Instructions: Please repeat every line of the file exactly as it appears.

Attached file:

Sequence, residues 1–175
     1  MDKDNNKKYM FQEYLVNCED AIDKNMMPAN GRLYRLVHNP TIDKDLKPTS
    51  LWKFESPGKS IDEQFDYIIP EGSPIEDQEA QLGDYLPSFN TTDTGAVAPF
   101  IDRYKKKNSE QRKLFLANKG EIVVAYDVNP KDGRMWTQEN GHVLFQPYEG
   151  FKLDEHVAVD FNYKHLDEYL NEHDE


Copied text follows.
Sequence, residues 1–175
     1  MDKDNNKKYM FQEYLVNCED AIDKNMMPAN GRLYRLVHNP TIDKDLKPTS
    51  LWKFESPGKS IDEQFDYIIP EGSPIEDQEA QLGDYLPSFN TTDTGAVAPF
   101  IDRYKKKNSE QRKLFLANKG EIVVAYDVNP KDGRMWTQEN GHVLFQPYEG
   151  FKLDEHVAVD FNYKHLDEYL NEHDE